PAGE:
Association emphasizes neglect in Hatay container town as Syrian child drowns in well

Turkey’s Human Rights Association (İHD) has drawn attention to neglect in a container town built in Hatay for the refugee survivors of the Feb. 6 earthquakes after a nine-year-old Syrian child drowned in a rainwater well at the premises. 

Burcu Özkaya Günaydın / Gazete Duvar 

Turkey's Human Rights Association (İHD) on March 1 published its report on nine-year-old R.T.’s death at the container town for refugees in the quake-torn Hatay province. The report found that the accident was a result of a series of neglect in the container town. 

Syrian refugee R.T. on Feb. 24 drowned in a rainwater well that was dug up by construction machines in the Hilalkent 2 container town built for the refugee survivors of the Feb. 6 earthquakes that destroyed the province. There are 2,700 container living units at the settlement, 80 percent of which are occupied. 

The İHD report suggested that refugees were settled in the town in December despite incomplete infrastructure and environmental planning. Dust and mud covered the roads at the camp, and the ground had sunk in multiple locations, noted the report. 

The report stated that the Syrian refugees' container town was in poorer condition than other container towns in the province. Many of the containers were ten square meters at the camp, smaller than the standard 21 square meter containers. Most units seemed to be hastily built.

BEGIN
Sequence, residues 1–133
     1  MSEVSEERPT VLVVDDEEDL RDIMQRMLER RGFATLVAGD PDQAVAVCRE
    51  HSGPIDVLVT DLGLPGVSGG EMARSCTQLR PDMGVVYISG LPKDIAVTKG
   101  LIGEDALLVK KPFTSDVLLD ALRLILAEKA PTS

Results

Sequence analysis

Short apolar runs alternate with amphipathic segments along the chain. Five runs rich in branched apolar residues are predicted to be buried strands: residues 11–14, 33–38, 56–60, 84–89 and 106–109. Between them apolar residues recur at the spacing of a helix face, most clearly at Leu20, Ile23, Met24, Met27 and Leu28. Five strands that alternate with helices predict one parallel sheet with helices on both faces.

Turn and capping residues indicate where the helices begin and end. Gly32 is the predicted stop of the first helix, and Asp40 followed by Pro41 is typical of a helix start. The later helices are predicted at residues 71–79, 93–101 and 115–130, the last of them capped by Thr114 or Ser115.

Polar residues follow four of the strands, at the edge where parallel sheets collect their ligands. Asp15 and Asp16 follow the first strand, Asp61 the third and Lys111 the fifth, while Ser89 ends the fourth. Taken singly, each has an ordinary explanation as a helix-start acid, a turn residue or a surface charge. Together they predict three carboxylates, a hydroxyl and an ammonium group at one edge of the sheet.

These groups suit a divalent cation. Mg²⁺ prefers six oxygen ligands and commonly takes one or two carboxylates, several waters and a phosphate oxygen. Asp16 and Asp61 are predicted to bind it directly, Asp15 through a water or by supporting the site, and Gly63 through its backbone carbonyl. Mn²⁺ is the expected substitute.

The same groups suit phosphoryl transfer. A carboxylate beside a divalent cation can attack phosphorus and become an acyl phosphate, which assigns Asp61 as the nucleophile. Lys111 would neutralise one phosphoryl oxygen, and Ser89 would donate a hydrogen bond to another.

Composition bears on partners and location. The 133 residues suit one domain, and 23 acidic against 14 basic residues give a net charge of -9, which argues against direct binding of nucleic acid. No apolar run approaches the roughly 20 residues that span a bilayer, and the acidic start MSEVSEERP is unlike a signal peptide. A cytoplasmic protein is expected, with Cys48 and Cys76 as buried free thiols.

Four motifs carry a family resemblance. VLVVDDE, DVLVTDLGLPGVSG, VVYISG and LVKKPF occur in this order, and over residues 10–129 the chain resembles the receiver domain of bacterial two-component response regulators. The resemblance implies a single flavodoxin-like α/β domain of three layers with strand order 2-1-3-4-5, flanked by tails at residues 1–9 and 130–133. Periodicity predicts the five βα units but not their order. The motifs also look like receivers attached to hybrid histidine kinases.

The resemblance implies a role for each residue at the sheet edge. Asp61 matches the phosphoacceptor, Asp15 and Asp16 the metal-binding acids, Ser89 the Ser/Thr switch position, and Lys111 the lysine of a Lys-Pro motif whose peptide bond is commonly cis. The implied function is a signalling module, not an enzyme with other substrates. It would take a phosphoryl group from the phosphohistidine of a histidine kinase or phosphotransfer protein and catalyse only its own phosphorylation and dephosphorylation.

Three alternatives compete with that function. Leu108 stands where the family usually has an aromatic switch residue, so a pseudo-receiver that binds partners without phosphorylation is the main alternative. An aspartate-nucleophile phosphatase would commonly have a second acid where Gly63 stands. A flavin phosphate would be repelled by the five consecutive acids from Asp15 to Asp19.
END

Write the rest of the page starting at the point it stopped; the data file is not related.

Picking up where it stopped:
İHD representatives confirmed through interviews with other residents of Hilalkent 2 that R.F. died in a meter-deep pit that was filled with rainwater. 

Several officials of the container town were detained in connection with the probe into the child’s death. They were released with judicial control measures after questioning. 

The İHD investigation found the well to be within the borders of the container town, although the official investigation has yet to announce whether the water pit could be considered “inside” the container town. 

The report further noted that the prefabricated school in the town, which was financed by UNESCO, was still having problems in terms of infrastructure, teachers, and translators. Playgrounds at the school were lacking and unsanitary, reported the İHD. 

As long as the living conditions at Hilalkent 2 were reorganized to respond to residents’ needs, further risks to life and other disasters were inevitable, according to the İHD report. 

“We invite foremost the Hatay Governor’s Office to redesign the living conditions at Hilalkent and all container towns that house Syrian refugees in line with European standards,” demanded the association, and promised to monitor all rights violations in the container towns. 

More than 215,000 people live in container homes in Hatay province, which was hit the hardest during the 7.7 and 7.6-magnitude earthquakes of Feb. 6. 

According to the Turkish Immigration Authority, the affected 11 provinces in southeastern Turkey were home to over 1.7 million refugees before the earthquake. 

All survivors face numerous challenges as conditions have not improved after more than a year has passed since the disaster. The province’s refugee population is in an even more vulnerable state, as they received less and later help from government agencies after the quakes. 

(English version by Ayşenaz Toptaş)